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Other House (New York Review of Books Classics Series)
     

Other House (New York Review of Books Classics Series)

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by Henry James, Louis Begley (Introduction)
 

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This terse and startling novel, written just before The Spoils of Poynton and What Maisie Knew,is the story of a struggle for possession—and of its devastating consequences. Three women seek to secure the affections of one man, while he, in turn, tries to satisfy them all. But in the middle of this contest of wills stands his unwitting and

Overview

This terse and startling novel, written just before The Spoils of Poynton and What Maisie Knew,is the story of a struggle for possession—and of its devastating consequences. Three women seek to secure the affections of one man, while he, in turn, tries to satisfy them all. But in the middle of this contest of wills stands his unwitting and vulnerable young daughter. The savage conclusion of The Other House makes it one of the most disturbing and memorable of Henry James's depictions of the uncontrollable passions that lie beneath the polished veneer of civilized life.

Oh blest Other House, which gives me thus at every step a precedent, a divine little light to walk by... —Henry James

Editorial Reviews

From the Publisher
"The Other House is the story of a brutal crime, and its violence is not duplicated in any of Henry James’s other works…[It] takes place in broad British daylight, and the passions which explode in it with such force are acted out on disciplined lawns between stately British houses, deriving their well—founded security from a banking fortune. The Other House is intensely British in its motives and emotions; and its intensity derives precisely from the fact that when the calm is broken, and the conflict…is engaged the contrast is as of a violent rush of air into a place of quiet…" —Leon Edel

"The Other House contains some of the most harrowing, compressed, and ambiguous scenes James ever wrote." —Threepenny Review

"Played out on the tidy lawns between two aristocratic houses, the staid Eastmead and the boisterous Bounds, a desperately tangled love-scrimmage spirals into a crime of unspeakable brutality, with a deeply unsettling climax. Readers left puzzled by the murky pychosexual terror of James’s The Turn of The Screw should give this passionate melodrama a try." —Library Journal

Leon Edel
The Other House is the story of a brutal crime, and its violence is not duplicated in any of Henry James's other works.... [It] takes place in broad British daylight, and the passions which explode in it with such force are acted out on disciplined lawns between stately British houses, deriving their well-founded security from a banking fortune. The Other House is intensely British in its motives and emotions; and its intensity derives precisely from the fact that when the calm is broken, and the conflict...is engaged the contrast is as of a violent rush of air into a place of quiet.
Library Journal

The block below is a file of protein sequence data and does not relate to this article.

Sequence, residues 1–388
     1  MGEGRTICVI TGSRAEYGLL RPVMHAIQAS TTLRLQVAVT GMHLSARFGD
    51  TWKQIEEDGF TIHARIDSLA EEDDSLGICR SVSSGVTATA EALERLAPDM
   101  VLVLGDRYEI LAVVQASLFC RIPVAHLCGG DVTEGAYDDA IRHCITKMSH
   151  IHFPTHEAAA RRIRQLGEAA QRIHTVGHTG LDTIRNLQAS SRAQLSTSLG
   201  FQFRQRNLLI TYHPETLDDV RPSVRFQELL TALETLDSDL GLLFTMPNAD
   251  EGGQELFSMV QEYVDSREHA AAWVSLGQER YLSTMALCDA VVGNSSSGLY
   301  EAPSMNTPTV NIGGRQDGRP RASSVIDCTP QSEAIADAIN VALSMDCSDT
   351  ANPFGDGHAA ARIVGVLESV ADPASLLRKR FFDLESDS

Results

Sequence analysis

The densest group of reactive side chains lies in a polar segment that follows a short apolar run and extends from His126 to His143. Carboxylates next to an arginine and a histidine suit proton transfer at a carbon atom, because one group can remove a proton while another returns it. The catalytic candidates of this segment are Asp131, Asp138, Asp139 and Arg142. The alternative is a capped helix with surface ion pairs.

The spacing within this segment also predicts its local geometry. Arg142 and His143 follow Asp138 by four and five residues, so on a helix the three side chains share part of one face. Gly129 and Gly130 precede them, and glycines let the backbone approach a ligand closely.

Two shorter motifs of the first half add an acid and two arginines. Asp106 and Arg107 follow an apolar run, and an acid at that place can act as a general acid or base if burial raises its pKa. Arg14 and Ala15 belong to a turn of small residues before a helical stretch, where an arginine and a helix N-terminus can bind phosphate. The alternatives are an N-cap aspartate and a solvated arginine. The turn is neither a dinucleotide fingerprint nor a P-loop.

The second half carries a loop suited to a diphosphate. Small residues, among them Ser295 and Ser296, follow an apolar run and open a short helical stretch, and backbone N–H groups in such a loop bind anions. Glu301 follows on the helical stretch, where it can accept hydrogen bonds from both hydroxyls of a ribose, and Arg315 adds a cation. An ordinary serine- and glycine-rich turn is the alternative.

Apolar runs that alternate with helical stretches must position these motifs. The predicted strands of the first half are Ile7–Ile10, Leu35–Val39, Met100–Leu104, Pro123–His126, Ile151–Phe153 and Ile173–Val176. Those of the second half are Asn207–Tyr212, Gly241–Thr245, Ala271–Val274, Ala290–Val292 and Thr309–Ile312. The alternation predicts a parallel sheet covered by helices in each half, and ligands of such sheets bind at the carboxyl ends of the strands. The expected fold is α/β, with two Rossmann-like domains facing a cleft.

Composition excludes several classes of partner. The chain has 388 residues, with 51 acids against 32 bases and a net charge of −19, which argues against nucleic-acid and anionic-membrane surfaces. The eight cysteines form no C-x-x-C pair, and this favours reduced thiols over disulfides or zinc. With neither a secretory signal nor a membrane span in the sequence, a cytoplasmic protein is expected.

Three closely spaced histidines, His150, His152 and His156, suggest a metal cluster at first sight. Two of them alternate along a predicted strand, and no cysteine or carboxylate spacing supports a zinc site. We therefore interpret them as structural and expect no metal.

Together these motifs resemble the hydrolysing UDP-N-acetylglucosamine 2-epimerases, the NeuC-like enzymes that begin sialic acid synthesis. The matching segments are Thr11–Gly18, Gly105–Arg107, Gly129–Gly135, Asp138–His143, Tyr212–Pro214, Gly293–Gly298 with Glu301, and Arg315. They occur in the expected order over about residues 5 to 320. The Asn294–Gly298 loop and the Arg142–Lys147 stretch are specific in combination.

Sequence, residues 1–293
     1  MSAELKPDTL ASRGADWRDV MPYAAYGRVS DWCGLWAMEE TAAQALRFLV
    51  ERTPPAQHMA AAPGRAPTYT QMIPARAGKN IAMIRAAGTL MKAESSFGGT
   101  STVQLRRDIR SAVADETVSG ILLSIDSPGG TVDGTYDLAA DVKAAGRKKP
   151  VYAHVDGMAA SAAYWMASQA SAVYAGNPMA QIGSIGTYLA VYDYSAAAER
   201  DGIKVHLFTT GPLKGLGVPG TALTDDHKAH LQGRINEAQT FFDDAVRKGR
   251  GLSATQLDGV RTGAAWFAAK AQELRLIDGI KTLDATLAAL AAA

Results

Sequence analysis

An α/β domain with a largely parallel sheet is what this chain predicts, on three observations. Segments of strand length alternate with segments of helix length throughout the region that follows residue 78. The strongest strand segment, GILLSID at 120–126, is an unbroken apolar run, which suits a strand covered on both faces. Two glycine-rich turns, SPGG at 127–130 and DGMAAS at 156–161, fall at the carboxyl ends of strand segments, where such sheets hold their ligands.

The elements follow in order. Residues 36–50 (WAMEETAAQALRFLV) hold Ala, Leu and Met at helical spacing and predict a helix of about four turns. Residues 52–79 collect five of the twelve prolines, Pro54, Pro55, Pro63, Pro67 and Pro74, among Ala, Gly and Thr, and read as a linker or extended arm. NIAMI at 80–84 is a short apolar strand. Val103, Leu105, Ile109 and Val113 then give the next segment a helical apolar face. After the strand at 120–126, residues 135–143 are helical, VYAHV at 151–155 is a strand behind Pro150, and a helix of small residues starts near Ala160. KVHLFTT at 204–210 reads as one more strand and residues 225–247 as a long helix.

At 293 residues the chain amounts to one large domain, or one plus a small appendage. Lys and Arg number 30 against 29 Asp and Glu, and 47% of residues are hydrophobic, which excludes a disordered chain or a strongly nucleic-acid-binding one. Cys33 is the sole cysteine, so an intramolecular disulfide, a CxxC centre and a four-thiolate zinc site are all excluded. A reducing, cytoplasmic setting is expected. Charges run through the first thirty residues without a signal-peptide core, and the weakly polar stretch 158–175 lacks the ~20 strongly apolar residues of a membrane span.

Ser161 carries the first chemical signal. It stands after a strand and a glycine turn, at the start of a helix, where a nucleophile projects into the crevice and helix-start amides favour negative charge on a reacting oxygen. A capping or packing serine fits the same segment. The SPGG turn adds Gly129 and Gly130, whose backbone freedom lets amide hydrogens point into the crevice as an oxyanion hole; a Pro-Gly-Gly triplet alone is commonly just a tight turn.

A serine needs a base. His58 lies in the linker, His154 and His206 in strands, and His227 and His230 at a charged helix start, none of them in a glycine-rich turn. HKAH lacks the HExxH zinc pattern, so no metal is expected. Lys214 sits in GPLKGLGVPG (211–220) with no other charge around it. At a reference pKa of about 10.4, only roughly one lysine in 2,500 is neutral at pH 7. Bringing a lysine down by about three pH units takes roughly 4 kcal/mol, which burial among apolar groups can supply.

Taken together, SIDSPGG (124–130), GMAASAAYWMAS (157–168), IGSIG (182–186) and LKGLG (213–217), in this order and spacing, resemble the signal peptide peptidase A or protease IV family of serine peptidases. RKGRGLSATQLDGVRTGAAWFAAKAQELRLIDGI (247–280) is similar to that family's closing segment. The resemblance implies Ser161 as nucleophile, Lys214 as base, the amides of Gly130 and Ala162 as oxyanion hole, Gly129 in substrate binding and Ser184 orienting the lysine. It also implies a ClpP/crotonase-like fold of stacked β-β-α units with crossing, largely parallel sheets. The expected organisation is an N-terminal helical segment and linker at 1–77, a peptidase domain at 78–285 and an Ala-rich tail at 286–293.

In The Other House (1896), James presents a man who is sought after by three women. He attempts to please them all but in so doing sacrifices his relationship with his young daughter. The Outcry (1911) is James's last novel and long unavailable. He pokes fun at the upper crust in the form of both a wealthy American scouring England for art and a down-on-his-luck British lord looking to separate the Yank from as much of his cash as possible. Copyright 2002 Cahners Business Information.

Product Details

ISBN-13:
9780940322325
Publisher:
New York Review Books
Publication date:
09/28/1999
Series:
NYRB Classics Series , #12
Pages:
324
Sales rank:
1,322,190
Product dimensions:
5.04(w) x 7.99(h) x 0.80(d)

What People are Saying About This

Henry James
Henry James

Oh blest Other House, which gives me thus at every step a precedent, a divine little light to walk by...

Meet the Author

Henry James (1843–1916), the younger brother of the psychologist William James and one of the greatest of American writers, was born in New York but lived for most of his life in England. Among the best known of his many stories and novels are The Portrait of a Lady, The Turn of the Screw, and The Wings of the Dove. In addition to The New York Stories of Henry James, New York Review Classics has published several long-unavailable James novels: The Other House, The Outcry, andThe Ivory Tower.

Louis Begley is a novelist and retired lawyer. He has written eight novels, including Wartime Lies, About Schmidt, andMatters of Honor, which was published in 2007. He is a Chevalier de l’Ordre des Arts et Lettres of France and served as the president of PEN American Center from 1993 to 1995. He lives in New York with his wife, Anka Muhlstein, an historian of France.

Brief Biography

Date of Birth:
April 15, 1843
Date of Death:
February 28, 1916
Place of Birth:
New York, New York
Place of Death:
London, England
Education:
Attended school in France and Switzerland; Harvard Law School, 1862-63

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The Other House 4 out of 5 based on 0 ratings. 3 reviews.
Anonymous More than 1 year ago
Her tail fluffed out and she turned around d meowed"Robin, my name is Robin. And you?"
Anonymous More than 1 year ago
Sighed
Anonymous More than 1 year ago
He looked curiously at Robin. "What is your name?"